Thanks for the question.
It's a big question. Recognizing, of course, the challenges around federal-provincial jurisdiction when it comes to education, I think there's still a lot the federal government can do and is doing.
I think working with young people is important. For instance, I know that one organization, Let's Talk Science, does a lot of great work with young people in encouraging K-to-12 students to engage in science, whether it's through science fairs or scientists in the schools and that sort of thing. Support for those kinds of organizations I think is really great.
I will make one statement, though. I think there is a risk in focusing too much on STEM to the neglect of broader skills. At Mitacs, of course, we work a lot with STEM students, but roughly 15% of our interns who go through now are actually from the social sciences and the humanities. Those creative disciplines have a lot to contribute to innovation, particularly once you start bringing multidisciplinary teams together, where you have engineers working with psychologists and with design people. This kind of mix of skills is important. While of course STEM is important in terms of creating people who have the tools to build disruptive technologies and so on, I think the creative disciplines are still really important. We don't want to neglect them.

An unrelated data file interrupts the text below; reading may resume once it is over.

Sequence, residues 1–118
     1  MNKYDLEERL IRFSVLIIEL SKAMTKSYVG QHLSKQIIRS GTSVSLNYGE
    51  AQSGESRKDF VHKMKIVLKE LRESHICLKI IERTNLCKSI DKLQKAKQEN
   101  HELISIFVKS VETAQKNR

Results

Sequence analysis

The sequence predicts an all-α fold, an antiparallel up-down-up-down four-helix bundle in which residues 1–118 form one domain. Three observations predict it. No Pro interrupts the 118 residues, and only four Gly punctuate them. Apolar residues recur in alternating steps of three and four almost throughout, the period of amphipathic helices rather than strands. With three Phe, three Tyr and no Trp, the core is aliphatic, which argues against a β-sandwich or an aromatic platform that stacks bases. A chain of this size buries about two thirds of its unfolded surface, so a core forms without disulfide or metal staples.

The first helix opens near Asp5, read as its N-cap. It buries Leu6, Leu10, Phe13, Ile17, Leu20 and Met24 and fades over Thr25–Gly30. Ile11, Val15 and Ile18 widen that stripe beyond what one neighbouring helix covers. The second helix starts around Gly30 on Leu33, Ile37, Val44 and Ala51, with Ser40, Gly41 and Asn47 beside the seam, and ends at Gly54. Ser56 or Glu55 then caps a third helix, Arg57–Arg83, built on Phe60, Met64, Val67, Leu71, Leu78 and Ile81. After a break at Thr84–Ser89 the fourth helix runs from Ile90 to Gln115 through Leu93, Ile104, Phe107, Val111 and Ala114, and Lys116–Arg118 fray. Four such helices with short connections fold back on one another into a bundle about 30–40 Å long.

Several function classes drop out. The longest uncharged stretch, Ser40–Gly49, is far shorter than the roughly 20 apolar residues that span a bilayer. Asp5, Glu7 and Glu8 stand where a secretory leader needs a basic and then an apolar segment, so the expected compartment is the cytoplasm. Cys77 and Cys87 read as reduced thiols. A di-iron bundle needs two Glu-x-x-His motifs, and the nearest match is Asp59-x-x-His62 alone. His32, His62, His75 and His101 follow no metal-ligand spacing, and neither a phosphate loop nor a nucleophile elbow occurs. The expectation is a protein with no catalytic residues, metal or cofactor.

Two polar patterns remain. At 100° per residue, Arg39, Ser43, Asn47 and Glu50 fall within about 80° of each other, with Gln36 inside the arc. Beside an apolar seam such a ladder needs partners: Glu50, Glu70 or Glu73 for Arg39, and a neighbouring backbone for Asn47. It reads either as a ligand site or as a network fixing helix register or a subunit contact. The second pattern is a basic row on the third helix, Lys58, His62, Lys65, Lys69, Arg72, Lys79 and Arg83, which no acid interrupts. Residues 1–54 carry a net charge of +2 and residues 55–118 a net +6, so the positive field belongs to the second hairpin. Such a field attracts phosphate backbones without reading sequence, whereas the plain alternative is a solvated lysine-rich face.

I'll also say that, generally speaking, while we are doing a good job as a country with post-secondary attainment—we have one of the highest rates in the world of post-secondary graduation per capita—we do have blind spots, particularly at the higher levels. In terms of Ph.D. production, for instance, we're 20th in the OECD per capita. We just don't produce people at the highest levels of education, and I think we can do better on that.
Right through the post-secondary system, I think it's important to build in diversity so that all of our bachelor's graduates aren't going through exactly the same kind of training—and the same with master's graduates and Ph.D.s—but rather that we provide a diversity of opportunity, which you can do through co-op, internships, and other sorts of experiential learning.
To my mind, diversity, both in terms of disciplines and in terms of experience, is really important to creating a generation that has the necessary skills.